Ragdoll Cats London

Ragdoll Kittens For Sale

Newborn Ragdoll Kittens in Cattery London



DOB June 2024


REF: PJBA Girl Blue Bicolour

DOB 2024.02.14 £2500


REF: PJBB Girl Blue Mitted

DOB 2024.02.14 £2500/SOLD

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Ragdoll Kittens Guidance

When buying a pedigree cat great care needs to be taken. There is a lot of very important information available that you should read when doing your research and apply this when looking for a pedigree kitten or cat. Buying a new member of the family is a very exciting time but you must research with your head and not your heart. Please go to the GCCF website https://gccfcats.org/ There you will find advice on buying a kitten, https://gccfcats.org/getting-a-cat/ We also strongly recommend you download this DEFRA approved document as a checklist https://gccfcats.org/getting-a-cat/finding/kitten-checklist/ You will also need to check the GCCF suspension list to ensure a breeder is not listed on here. https://gccfcats.org/about-us/news-information/suspension-list/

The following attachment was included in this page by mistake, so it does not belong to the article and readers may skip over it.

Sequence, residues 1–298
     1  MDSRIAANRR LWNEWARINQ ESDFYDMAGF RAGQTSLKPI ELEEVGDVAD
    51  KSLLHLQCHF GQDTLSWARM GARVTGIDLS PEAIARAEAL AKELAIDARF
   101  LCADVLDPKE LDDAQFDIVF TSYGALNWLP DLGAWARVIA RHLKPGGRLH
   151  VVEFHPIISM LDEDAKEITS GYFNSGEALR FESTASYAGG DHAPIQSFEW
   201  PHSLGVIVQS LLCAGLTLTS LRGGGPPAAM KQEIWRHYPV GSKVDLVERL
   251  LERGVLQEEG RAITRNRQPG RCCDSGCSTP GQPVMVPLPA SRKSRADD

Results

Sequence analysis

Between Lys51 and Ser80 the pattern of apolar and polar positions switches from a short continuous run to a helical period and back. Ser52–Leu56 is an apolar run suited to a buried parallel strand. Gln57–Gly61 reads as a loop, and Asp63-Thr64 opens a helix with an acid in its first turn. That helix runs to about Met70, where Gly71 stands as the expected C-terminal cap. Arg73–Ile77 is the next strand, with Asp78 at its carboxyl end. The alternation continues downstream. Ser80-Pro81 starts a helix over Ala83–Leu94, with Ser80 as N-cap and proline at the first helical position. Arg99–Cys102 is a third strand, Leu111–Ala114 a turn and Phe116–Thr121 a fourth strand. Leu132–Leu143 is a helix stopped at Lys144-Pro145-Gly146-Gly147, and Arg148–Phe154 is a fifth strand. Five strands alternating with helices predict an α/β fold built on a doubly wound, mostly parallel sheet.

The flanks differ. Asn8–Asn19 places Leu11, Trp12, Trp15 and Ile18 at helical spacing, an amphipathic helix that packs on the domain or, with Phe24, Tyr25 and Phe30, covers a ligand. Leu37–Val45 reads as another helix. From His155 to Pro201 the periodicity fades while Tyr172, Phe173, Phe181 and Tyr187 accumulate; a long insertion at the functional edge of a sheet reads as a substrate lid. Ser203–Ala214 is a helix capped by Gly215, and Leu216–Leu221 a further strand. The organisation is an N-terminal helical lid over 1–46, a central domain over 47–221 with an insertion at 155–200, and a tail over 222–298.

• You will see many Ragdoll kittens advertised as pets without papers. Why are papers important? They are VERY important. Without them you do not know the kitten is a pedigree cat. The parents may not be registered for breeding. The breeder may not be able to register kittens as they maybe on a suspension list or have received a conviction for animal welfare breaches. There are mandatory health tests that a breeder must have done on their breeding cats. They must be done in a certain way to be valid. For the Ragdoll any cats registered for breeding after February 2016 must have the DNA test for the one known HCM gene.
  • Breeders should NOT be DNA testing for PKD. It is not prevalent in the breed and the DNA test is not very reliable on non-Persian cats. If a breeder suspects they have PKD in their breeding lines they should only be performing an ultrasound scan on their adult cats.
  • You must NEVER pay any money before viewing any kitten or cat. NEVER pay money to go on waiting lists, holding lists, for viewing visits. These are major red flags. People do get scammed for kittens that never exist and these practises are unethical at best.